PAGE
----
As we delve deeper into the technological advancements of our time, one cannot ignore the influence that generative AI bots have on the young students of today. It is a well-known fact that these AI bots have become an integral part of our lives, both in and out of the classroom. As a fellow student, I can personally relate to the constant fear that lingers in our minds – the fear of being caught by a vigilant teacher due to any misuse of this powerful technology. However, this fear has led me to ponder upon an intriguing question: Is there a safe and plausible way to incorporate generative AI technology systems into the modern education system and its modules? This question holds immense significance as we explore the possibilities of merging cutting-edge AI technology with the foundations of education, aiming to enhance and revolutionize the learning experience for students of today.
Elementary, my dear Watson.
Before jumping into how generative AI impacts the education system, we must first analyse what differentiates generative AI and other artificial intelligence technology. When compared to ‘traditional’ AI, generative AI like ChatGPT has two important characteristics that make it special: dynamic context and scale of use. This means that this technology was not built for a specific context and this openness ultimately allows for an unprecedented scale of use. As a result several issues like authenticity and safety issues arise from these points (Helberger, N., & Diakopoulos, N, 2023).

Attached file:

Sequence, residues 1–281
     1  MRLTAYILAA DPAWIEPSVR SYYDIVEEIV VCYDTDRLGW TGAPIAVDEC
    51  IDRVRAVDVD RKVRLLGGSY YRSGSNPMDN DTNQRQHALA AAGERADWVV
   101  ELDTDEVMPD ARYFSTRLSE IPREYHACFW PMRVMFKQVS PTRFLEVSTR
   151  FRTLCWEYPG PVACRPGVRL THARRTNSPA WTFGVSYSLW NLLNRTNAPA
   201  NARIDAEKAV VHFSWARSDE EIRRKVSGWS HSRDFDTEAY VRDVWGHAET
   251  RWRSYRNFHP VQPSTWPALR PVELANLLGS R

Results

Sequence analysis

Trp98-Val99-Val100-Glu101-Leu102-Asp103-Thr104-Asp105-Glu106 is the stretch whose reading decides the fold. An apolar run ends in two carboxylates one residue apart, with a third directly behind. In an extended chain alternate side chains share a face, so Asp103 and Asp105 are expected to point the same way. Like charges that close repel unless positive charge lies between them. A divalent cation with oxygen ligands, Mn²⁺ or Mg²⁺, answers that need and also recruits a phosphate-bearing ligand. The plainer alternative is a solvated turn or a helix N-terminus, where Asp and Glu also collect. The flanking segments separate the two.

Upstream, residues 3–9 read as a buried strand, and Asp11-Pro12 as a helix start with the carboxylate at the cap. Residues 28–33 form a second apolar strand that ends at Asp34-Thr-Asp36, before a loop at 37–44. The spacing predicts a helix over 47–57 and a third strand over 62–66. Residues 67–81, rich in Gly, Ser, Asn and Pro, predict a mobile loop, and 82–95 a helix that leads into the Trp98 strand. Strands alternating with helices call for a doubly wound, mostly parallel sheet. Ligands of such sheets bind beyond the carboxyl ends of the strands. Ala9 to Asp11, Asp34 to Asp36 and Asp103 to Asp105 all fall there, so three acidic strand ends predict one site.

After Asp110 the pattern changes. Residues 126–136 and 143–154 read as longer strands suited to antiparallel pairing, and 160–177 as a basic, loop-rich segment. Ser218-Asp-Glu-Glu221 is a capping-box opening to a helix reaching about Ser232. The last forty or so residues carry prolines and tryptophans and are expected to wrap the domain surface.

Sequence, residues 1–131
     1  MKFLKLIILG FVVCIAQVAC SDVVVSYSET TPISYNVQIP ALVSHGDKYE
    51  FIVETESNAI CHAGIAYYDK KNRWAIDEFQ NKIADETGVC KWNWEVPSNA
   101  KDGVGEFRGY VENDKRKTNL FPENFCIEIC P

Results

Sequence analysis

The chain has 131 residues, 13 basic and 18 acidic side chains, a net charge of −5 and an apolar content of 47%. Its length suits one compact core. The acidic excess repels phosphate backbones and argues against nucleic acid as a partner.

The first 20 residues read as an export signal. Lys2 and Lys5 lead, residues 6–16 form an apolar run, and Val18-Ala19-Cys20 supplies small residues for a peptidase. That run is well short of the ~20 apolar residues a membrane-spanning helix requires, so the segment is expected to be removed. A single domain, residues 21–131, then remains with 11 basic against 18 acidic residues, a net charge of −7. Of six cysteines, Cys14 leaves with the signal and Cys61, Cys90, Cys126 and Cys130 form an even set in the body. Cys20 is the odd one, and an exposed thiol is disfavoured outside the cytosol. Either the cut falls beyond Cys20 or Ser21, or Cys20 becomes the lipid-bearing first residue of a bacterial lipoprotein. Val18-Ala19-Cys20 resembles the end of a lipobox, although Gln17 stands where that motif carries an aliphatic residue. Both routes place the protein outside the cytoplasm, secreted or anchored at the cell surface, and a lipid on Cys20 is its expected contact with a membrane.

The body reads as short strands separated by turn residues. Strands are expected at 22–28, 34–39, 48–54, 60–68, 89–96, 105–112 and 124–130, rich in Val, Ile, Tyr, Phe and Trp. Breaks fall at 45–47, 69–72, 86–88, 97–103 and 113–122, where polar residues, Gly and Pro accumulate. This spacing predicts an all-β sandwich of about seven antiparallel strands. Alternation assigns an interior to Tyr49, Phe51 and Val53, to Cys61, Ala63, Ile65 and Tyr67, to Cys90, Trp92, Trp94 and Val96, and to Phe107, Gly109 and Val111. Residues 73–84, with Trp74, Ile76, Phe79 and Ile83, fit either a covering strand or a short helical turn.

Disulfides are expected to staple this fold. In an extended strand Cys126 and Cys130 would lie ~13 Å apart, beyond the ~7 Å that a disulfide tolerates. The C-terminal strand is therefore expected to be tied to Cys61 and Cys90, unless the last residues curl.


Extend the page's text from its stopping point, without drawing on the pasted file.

ChatGPT itself is a generative AI machine that was designed for natural language processing tasks such as text generation and language understanding since it is based on the Generative Pre-trained Transformer model (hence why its called ChatGPT). ChatGPT was trained on a large amount of text data and designed to generate conversational responses thus creating its popularity in different industries and educational settings (Partha,2023).